Language and Evolution
In article <firstname.lastname@example.org>,
"Huck Turner" wrote:
> franklyn wrote in message
> > Does Evolution imply going from the less complex to the more
> No. The assumption that evolution always leads to greater complexity
> probably often stems from the misconceived idea that evolution is like
> ladder with humans at the top. Paul Davies makes this mistake in his
> "The Cosmic Blueprint" for instance.
> > Is change without increasing complexity evolution? How do you define
> > complexity?
> I don't think complexity is a property of objects in the world,
> but rather a property of how we perceive them. For instance,
> what is complex to a child is often simple to an adult.
I agree. The ideogrammatic languages are considered complex
by today's time-centered standards of "economy of expression".
Whereas in the past where, as Marshall Mcluhan notes, the
ancients were space-centered, and the concept of complexity
was much different then. For them the "economy of expression"
was not in terms of brevity but in terms of compression of
many ideas into a small amount of space: the ideograms of
non-tensed grammars as opposed to the phonetic Indo-European
lineage of grammars.
I've wondered if 2-d(+?) Fourier transforms of ideograms could be used
to make a thesauraus of an ideogrammatic language. Tricky.
In such languages as Cantonese the problem is very complex
and the Cantonese toungue twister: "I have 188 white ducks."
displays this. But this apparent complexity probably serves or served
some evolutionary purpose such as the extension of the ideogrammatic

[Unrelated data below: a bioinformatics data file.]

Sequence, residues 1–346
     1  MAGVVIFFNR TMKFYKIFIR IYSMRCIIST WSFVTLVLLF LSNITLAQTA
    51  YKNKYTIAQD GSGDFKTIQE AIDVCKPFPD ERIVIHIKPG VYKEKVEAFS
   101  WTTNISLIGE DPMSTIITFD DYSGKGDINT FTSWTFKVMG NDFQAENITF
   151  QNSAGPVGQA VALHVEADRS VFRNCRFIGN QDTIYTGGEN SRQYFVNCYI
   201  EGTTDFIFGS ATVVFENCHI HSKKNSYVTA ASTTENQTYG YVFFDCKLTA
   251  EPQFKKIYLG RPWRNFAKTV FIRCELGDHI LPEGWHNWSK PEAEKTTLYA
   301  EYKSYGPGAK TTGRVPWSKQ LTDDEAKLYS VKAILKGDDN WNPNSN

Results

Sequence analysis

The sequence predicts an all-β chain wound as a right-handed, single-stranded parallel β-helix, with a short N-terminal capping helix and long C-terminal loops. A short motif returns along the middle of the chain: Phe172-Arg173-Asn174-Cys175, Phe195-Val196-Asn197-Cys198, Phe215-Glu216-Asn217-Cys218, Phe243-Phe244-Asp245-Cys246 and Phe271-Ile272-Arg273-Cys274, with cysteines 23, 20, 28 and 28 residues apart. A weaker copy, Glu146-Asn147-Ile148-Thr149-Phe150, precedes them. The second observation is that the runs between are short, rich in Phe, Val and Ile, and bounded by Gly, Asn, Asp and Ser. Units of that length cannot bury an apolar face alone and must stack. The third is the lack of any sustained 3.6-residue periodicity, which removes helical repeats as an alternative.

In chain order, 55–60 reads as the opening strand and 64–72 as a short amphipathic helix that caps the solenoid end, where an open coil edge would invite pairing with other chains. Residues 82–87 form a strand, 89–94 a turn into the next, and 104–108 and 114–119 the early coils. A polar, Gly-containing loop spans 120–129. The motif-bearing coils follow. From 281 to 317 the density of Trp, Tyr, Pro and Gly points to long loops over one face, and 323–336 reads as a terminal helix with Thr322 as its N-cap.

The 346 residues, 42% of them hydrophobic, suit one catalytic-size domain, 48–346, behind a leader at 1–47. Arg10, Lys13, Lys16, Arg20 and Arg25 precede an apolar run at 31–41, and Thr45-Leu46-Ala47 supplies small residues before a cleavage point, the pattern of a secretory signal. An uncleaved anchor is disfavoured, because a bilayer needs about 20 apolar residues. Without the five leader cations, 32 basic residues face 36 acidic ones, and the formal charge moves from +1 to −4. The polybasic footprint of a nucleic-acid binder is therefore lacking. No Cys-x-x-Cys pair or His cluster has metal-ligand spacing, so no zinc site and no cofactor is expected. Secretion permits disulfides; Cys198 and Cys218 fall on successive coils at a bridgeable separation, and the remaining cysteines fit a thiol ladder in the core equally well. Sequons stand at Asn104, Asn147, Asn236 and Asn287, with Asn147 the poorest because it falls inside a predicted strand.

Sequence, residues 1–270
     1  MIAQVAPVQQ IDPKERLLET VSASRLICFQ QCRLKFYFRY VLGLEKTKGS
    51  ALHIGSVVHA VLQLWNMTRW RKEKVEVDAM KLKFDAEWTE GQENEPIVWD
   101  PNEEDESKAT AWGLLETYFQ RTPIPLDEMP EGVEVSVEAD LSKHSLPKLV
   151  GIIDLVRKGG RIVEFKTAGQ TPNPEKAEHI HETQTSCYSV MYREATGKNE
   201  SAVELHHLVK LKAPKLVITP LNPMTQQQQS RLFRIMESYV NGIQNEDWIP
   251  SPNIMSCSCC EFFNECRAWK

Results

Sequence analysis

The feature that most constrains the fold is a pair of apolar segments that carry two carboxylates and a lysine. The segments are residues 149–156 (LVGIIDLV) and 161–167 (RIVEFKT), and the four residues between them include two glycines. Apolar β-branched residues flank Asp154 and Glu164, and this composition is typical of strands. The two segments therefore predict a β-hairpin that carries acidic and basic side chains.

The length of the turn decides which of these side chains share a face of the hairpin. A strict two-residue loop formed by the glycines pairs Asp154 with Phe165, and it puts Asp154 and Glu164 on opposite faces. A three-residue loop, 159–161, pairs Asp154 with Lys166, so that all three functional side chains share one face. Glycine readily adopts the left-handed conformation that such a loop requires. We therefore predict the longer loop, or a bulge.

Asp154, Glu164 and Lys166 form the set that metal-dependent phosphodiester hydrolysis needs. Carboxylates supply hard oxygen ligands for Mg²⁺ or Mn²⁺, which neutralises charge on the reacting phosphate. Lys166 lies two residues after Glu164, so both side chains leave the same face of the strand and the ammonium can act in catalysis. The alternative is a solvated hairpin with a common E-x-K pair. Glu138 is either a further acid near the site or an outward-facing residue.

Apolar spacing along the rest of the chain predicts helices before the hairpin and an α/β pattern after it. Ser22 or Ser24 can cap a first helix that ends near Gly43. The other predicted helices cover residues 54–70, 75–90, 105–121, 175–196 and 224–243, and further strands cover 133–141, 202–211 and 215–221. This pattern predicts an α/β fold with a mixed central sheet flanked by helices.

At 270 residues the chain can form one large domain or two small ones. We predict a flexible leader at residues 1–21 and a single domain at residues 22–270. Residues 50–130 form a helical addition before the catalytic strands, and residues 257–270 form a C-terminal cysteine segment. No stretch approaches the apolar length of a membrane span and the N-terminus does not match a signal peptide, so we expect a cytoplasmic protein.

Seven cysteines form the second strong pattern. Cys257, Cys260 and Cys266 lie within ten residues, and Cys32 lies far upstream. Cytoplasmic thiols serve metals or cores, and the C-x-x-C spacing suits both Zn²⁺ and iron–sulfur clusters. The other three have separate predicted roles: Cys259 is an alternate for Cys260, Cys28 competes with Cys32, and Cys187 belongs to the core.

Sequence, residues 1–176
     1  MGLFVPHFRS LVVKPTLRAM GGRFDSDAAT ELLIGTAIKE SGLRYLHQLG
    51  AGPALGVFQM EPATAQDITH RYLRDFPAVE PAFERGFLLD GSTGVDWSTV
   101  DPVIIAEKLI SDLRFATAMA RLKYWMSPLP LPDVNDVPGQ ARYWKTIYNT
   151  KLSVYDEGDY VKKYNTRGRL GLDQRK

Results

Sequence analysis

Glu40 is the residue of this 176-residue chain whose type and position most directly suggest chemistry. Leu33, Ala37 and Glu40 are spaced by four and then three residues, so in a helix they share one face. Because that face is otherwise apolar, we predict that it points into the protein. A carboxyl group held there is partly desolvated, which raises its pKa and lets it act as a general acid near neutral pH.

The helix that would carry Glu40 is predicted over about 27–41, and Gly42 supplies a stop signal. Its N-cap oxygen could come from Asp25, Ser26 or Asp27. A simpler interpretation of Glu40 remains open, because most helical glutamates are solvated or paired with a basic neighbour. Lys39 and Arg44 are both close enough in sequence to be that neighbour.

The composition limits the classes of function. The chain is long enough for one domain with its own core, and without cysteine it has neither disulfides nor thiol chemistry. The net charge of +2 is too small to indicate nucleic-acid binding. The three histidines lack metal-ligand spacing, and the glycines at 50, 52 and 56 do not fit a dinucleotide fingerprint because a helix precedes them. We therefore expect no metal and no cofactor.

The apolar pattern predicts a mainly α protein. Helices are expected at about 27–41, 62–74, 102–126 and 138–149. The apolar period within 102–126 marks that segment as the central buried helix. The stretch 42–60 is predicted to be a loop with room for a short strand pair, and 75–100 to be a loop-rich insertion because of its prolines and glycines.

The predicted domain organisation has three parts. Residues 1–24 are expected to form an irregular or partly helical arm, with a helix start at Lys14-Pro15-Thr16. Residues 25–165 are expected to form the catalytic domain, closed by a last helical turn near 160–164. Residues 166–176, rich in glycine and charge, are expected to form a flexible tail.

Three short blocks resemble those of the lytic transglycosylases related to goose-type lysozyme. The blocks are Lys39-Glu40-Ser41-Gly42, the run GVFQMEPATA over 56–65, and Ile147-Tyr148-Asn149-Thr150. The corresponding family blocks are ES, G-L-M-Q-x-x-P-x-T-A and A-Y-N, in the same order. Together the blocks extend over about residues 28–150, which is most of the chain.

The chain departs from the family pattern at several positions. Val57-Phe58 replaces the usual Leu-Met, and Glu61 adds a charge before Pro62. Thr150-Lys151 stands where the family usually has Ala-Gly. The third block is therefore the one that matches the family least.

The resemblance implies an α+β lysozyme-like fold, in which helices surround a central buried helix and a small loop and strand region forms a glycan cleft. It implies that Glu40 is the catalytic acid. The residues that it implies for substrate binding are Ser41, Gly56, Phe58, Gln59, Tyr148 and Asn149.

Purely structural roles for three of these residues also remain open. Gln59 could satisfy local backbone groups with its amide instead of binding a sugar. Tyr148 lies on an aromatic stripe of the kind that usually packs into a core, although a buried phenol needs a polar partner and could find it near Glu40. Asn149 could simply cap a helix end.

spatial compression to a spoken language.
" How was it that tribal cultures existing in conditions of
varying privation afforded themselves the 'luxury' of artistic
expression? Neither the mechanical materialistic theory of culture
as a passive reflection of existing social/economic forms, nor
the personal expression notion of the supposed compulsion of
unique individuals to "express themselves", explains this
adequately. There must be a material need which only art can
satisfy for it to be such an essential activity."
" I feel that I am doing with photography exactly what the
ideogram stone carvers of the Indus Valley Civilisation were
doing with communication, what the Chinese poets were doing
with their highly pictorial script. Coming from the world of
popular music, the acoustic equivalent of the Middle Ages, my
icons are derived from music and unlike other visual forms
such as cinema and painting, not the world of conversation; in
other words, it comes from the world of gratuitousness,
self-existence, atomic free-will and not the world of order and